It’s normal to feel anxious from time to time, especially if your life is stressful. However, excessive, ongoing anxiety and worry that interfere with day-to-day activities may be a sign of generalized anxiety disorder.
Generalized anxiety disorder, or GAD, is a condition characterized by pervasive worry. It takes the form of undue distress about a variety of everyday things beyond the scope of more specific anxieties and phobias. A key distinguishing factor in GAD is that the anxiety is focused not on exterior triggers like social interaction or contamination, but internally.
People with GAD can’t seem to get rid of their concerns, even though they usually realize that their anxiety is more intense than the situation warrants. They can’t relax, startle easily, and have difficulty concentrating. Often they have trouble falling asleep or staying asleep.
Living with generalized anxiety disorder can be a long-term challenge. In many cases, it occurs along with other anxiety or mood disorders. In most cases, generalized anxiety disorder improves with medications or talk therapy (psychotherapy). Making lifestyle changes, learning coping skills and using relaxation techniques also can help.
GAD develops slowly. It often starts during the teen years or young adulthood. Symptoms may get better or worse at different times, and often are worse during times of stress. GAD affects 6.8 million adults, or 3.1% of the U.S. population, in any given year. Women are twice as likely to be affected.
As with many mental health conditions, the exact cause of generalized anxiety disorder isn’t fully understood, but it may include genetics as well as other risk factors.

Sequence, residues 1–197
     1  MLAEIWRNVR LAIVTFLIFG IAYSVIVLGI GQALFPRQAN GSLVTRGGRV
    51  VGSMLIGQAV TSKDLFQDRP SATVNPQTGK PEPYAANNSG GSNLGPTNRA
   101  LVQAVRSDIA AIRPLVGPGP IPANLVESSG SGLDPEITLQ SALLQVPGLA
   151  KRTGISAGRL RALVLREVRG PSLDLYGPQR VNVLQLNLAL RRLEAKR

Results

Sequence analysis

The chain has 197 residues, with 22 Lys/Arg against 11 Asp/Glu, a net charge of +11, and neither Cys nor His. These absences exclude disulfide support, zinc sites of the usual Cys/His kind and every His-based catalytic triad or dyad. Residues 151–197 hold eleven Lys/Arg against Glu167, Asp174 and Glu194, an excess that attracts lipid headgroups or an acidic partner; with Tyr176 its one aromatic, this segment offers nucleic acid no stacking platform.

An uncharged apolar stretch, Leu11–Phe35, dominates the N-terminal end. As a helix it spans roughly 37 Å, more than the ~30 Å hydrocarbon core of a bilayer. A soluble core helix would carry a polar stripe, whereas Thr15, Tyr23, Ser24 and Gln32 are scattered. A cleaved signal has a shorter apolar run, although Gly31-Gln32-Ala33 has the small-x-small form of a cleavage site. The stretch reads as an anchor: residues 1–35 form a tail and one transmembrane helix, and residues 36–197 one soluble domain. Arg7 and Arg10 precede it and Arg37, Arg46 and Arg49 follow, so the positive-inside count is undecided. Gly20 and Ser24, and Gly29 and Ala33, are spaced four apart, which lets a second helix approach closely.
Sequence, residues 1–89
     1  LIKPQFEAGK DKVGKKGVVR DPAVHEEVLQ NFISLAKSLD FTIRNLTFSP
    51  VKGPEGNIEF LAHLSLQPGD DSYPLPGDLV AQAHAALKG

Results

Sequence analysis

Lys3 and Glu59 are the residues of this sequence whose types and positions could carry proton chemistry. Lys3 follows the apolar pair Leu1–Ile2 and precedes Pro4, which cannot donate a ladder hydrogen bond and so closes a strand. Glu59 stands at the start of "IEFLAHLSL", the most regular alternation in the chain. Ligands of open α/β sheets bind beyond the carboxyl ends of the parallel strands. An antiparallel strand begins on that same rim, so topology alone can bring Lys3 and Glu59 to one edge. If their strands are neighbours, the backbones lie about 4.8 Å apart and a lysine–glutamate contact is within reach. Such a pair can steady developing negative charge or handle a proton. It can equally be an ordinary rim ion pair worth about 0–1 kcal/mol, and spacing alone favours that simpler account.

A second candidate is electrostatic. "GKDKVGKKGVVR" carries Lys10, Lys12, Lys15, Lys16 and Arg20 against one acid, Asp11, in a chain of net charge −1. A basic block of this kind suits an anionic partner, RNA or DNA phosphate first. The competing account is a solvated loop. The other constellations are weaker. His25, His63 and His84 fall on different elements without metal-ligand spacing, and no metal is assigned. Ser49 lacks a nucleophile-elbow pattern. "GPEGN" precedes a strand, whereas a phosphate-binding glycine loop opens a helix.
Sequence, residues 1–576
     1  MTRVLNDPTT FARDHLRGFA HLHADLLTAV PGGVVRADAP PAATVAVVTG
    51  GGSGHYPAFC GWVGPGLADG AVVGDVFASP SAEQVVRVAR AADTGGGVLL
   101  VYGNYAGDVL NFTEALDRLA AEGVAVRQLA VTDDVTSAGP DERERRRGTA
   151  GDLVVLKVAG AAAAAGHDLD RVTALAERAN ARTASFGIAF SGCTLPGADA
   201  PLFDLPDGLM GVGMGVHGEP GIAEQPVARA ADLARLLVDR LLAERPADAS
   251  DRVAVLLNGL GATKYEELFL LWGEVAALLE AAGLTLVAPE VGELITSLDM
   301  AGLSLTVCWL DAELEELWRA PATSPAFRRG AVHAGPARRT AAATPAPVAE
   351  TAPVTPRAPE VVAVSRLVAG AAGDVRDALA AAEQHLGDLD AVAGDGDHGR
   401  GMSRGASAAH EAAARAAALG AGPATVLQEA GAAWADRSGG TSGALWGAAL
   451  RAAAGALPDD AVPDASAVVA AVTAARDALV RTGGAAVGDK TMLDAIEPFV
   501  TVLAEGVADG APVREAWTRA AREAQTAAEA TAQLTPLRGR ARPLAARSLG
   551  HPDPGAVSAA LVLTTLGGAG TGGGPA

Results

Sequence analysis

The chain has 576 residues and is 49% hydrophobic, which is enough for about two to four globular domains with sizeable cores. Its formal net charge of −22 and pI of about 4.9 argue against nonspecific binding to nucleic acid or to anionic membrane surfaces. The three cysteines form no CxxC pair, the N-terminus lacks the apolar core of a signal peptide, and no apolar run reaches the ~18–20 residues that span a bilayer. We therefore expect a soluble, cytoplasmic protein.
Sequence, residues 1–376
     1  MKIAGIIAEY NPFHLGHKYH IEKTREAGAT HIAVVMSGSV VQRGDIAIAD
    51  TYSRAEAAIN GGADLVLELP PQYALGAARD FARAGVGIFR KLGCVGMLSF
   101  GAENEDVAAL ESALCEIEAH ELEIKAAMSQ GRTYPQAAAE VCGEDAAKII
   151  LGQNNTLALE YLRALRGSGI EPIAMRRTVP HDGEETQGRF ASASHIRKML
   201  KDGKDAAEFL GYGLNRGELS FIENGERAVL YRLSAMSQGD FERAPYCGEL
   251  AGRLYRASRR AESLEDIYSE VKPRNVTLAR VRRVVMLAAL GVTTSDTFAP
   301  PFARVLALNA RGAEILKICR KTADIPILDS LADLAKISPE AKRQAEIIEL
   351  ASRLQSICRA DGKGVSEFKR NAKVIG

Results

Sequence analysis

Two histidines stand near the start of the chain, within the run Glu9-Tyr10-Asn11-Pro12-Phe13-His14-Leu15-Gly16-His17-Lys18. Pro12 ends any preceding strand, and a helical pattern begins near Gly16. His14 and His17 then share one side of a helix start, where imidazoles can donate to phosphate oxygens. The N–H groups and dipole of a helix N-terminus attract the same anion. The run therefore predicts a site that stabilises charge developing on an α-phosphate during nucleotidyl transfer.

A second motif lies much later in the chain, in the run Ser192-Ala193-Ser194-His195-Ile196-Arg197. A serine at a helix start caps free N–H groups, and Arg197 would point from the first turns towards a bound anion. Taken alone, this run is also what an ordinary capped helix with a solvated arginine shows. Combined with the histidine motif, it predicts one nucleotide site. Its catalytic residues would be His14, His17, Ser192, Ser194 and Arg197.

You and your doctor/therapist must be able to work together as a team to treat your disorder. You’re not alone; there are a lot of people who suffer from GAD. Seeking help is the first step to your recovery. A good place to start is with an experienced mental health counselor like Jennifer Nahrebeski who specializes in adult and children anxiety disorders. Jennifer works with children, adults and families, using a soothing and encouraging approach.
There may be times when your worries don’t completely consume you, but you still feel anxious even when there’s no apparent reason. For example, you may feel intense worry about your safety or that of your loved ones, or you may have a general sense that something bad is about to happen.
Your anxiety, worry or physical symptoms cause you significant distress in social, work or other areas of your life. Worries can shift from one concern to another and may change with time and age.
Some anxiety is normal, but it’s advisable to see a doctor if:
Your worries are unlikely to simply go away on their own, and they may actually get worse over time. Try to seek professional help before your anxiety becomes severe — it may be easier to treat early on.
If you want to learn more about GAD, give counselor Jennifer a call and schedule an appointment (716) 432-3656. For your convenience, evening and weekend appointments are available.